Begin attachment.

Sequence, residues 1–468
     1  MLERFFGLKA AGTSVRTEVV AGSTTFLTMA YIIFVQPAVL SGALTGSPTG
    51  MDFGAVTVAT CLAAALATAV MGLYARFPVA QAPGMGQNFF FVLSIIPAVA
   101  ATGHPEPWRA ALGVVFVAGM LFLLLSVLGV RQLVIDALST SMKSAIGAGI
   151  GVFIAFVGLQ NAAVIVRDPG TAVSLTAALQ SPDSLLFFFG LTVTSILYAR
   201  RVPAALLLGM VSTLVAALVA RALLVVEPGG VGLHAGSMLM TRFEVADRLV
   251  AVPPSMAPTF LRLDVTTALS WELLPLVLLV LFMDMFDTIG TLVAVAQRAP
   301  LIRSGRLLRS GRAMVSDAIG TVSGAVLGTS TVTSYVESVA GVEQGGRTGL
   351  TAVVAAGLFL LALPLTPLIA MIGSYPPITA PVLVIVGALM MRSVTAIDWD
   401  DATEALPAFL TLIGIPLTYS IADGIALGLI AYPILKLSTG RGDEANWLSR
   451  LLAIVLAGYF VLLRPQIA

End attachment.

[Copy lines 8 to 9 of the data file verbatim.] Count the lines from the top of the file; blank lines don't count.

   301  LIRSGRLLRS GRAMVSDAIG TVSGAVLGTS TVTSYVESVA GVEQGGRTGL
   351  TAVVAAGLFL LALPLTPLIA MIGSYPPITA PVLVIVGALM MRSVTAIDWD